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blog: 2019-07-11-android-private-dns-in-practice.md

Resolves: #149
Resolves: #145

It felt natural to me to merge these two posts in the end.
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---
layout: post
comments: true
title: "Android 9 Private DNS behaviour with 853 blocked & DoT server comparsion"
category: [english]
tags: [english, Android, DNS-over-TLS, DNS, security, privacy]
---

*Since I first heard of Android 9 Private DNS I wondered how it will work
when the port is blocked or there is a captive portal. I didn't find this
information anywhere and now that I have gotten the Android 9 Go update on
my Nokia 1, I am able to type my own blog post about it.*

Notes/disclaimers:
* Phone: Nokia 1 (TA-1047) running Android 9 (Go Edition)
* I think I got the update on 9th of July
* Language: Finnish (and as I am typing in English
* In all tests mobile data was disabled to not cause confusing results.
* As Private DNS is technically DNS over TLS I am calling it as DoT.
* Enabled from Settings, Network & Internet, Advanced settings, Private DNS
* I am using [dns.quad9.net](https://quad9.net/) as hostname.
* Automatic mode connects to the DNS server port 853 without validating
certificate, "Hostname of private DNS provider" (which I call as the
manual mode) also validates the certificate and disallows downgrading.
* [Google's documentation](https://support.google.com/android/answer/9089903?hl=en).
* [Intra](https://getintra.org/) detects when private DNS is enabled and
says that it doesn't have to be enabled at those times. However it gets
confused easily as between the metro and DHCP offering Quad9 it claimed
secure DNS was disabled. Later before the captive portal test Intra again
claimed DoT was disabled when there was no connectivity to DoT server, so
I guess it's only able to detect when Android is actually connected to the
DoT server.
* [My messy notes for making this post](https://github.com/Mikaela/mikaela.github.io/issues/149)

* * * * *

Test: automatic mode without DoT capable server from DHCP; the setting
says "automatic".

* * * * *

Test: DoT with port 853 blocked; Android reports that the WLAN network has
no internet connectivity until I disable private DNS and toggle WLAN. I
tested this in Helsinki metro.

* * * * *

Test: automatic mode with DoT capable server from DHCP; Android says that
DoT is "enabled". For this test I configured a WLAN AP to use [Quad9](https://quad9.net/)
DNS servers `149.112.112.112` and `9.9.9.9`.

I would also have configured
the IPv6 addresses `2620:fe::9` and `2620:fe::fe` as the network was dualstack,
but naturally the router was missing ability to configure IPv6 DNS servers
and forced using the ISP ones. At least the Android 9 was happy with the IPv4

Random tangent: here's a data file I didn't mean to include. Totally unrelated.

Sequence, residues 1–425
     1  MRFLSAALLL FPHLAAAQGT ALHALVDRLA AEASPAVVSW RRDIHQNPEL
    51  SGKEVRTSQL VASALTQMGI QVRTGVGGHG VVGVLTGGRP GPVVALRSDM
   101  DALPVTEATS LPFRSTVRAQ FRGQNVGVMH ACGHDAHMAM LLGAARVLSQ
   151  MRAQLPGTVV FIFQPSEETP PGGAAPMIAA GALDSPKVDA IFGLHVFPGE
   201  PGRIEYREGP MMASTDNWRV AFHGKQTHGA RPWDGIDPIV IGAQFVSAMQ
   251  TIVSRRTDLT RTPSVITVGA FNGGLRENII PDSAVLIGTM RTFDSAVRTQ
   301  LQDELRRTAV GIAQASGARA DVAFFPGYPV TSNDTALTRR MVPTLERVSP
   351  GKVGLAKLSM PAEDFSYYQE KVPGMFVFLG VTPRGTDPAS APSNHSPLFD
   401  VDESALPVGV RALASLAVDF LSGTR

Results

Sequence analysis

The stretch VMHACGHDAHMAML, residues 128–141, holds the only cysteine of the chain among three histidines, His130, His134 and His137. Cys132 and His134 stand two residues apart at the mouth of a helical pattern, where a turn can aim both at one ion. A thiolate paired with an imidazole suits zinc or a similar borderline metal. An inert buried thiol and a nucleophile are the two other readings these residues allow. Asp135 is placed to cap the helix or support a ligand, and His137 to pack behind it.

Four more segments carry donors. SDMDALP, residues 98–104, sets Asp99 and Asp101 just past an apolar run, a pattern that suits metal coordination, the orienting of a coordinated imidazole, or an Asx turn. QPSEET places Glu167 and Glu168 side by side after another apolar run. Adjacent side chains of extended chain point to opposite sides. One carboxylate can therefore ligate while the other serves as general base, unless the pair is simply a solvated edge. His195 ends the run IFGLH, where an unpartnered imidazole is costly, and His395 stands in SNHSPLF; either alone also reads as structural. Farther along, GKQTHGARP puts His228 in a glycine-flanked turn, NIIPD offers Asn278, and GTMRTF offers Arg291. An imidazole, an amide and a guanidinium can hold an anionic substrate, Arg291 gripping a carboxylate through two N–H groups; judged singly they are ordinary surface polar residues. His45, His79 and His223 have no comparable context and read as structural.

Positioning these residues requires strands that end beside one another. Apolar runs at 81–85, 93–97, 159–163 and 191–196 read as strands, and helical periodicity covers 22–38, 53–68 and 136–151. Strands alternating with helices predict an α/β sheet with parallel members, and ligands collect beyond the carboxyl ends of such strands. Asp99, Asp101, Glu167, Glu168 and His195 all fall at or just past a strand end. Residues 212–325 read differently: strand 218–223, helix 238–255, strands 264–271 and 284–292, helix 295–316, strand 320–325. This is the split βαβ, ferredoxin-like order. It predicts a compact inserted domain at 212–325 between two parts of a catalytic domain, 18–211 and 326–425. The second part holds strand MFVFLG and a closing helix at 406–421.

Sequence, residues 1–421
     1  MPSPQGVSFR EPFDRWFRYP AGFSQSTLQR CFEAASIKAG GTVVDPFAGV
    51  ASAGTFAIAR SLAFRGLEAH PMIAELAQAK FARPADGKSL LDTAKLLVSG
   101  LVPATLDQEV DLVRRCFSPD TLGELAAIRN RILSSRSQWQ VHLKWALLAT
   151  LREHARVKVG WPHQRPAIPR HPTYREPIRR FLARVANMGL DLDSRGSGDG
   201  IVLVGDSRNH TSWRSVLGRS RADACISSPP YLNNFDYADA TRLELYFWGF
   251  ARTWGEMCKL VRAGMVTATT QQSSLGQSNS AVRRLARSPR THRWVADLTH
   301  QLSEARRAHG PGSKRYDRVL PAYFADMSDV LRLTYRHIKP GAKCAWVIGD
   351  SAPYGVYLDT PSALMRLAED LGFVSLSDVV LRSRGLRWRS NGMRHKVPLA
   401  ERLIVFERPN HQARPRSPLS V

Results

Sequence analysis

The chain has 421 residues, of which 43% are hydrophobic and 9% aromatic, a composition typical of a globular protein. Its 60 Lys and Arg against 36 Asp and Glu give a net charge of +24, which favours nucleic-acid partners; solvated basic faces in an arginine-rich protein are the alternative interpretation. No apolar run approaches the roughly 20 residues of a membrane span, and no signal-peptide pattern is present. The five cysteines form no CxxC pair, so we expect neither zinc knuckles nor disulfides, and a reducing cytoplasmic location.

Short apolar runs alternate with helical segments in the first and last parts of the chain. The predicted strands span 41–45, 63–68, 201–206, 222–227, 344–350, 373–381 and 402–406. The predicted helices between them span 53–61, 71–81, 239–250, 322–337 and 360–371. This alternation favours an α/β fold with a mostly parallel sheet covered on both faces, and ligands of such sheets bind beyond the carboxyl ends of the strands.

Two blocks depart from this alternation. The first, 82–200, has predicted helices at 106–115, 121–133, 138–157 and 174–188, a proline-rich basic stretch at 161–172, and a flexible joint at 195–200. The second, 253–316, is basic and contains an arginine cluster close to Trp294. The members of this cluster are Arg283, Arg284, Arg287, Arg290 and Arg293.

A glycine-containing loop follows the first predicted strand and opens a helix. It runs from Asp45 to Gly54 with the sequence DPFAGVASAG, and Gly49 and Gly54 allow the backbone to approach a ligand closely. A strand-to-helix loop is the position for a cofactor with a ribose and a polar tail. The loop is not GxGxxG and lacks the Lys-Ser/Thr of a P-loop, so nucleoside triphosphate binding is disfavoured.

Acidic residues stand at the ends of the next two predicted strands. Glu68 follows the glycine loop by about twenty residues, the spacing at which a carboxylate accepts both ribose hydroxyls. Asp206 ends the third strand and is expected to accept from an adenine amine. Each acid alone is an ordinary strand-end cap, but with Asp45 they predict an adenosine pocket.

servers.

I didn't do this at home as my main network connectivity is a MiFi
"box" that doesn't allow me to specify a DNS server and I tend to avoid it anyway
by using [dnscrypt-proxy](https://github.com/jedisct1/dnscrypt-proxy/) with [this config](https://github.com/Mikaela/shell-things/blob/master/etc/dnscrypt-proxy/dnscrypt-proxy.toml) and Intra. Sadly I have some
little used devices that have no way to encrypt DNS and they either use the
ISP DNS or in case of Chromecasts I am under impression that they are
hardcoded to use Google DNS. I don't use them much though.

Why do I care about encrypted DNS so much? Encrypt everything! And to quote
my index:

> The only traffic I am not encrypting is probably my WLAN. For some reason my router requires a reboot once per hour with WPA2 encryption while on open network I only have to reboot it once per day (I have asked about this confusing behaviour from wiser people on IRC and they weren't able to explain it either). I support the <a href="https://openwireless.org/">Open Wireless Movement</a> and think that if someone really wanted to cause me harm, they could break into the network anyway and that would be more difficult to prove on consumer grade device than the network being open. There are firewalls on all networks and while a passerby would be able to observe unencrypted SNIs, isn't that also <a href="https://en.wikipedia.org/wiki/Global_surveillance">being done by international security agencies already</a> while even <a href="https://fi.wikipedia.org/wiki/Suomen_tiedustelulains%C3%A4%C3%A4d%C3%A4nt%C3%B6">Finland has given permission to monitor traffic crossing our borders</a> ((TODO: better link in English as the situation develops)and how much of traffic doesn't do that?). I also don't like being somewhere where the only available WLANs are printers and smart thermostats :)

* * * * *

Bonus test: DoT + DoH via the [Intra app](https://getintra.org/#!/)
configured to use server `https://149.112.112.112/dns-query` in Helsinki
metro; Android claims that the network has no connectivity and shows the x
on the WLAN symbol in the statusbar, but everything works regardless.
My hypothesis that I am not enough interested in confirming is that if I was
using `https://dns.quad9.net/dns-query` nothing would work as the Intra app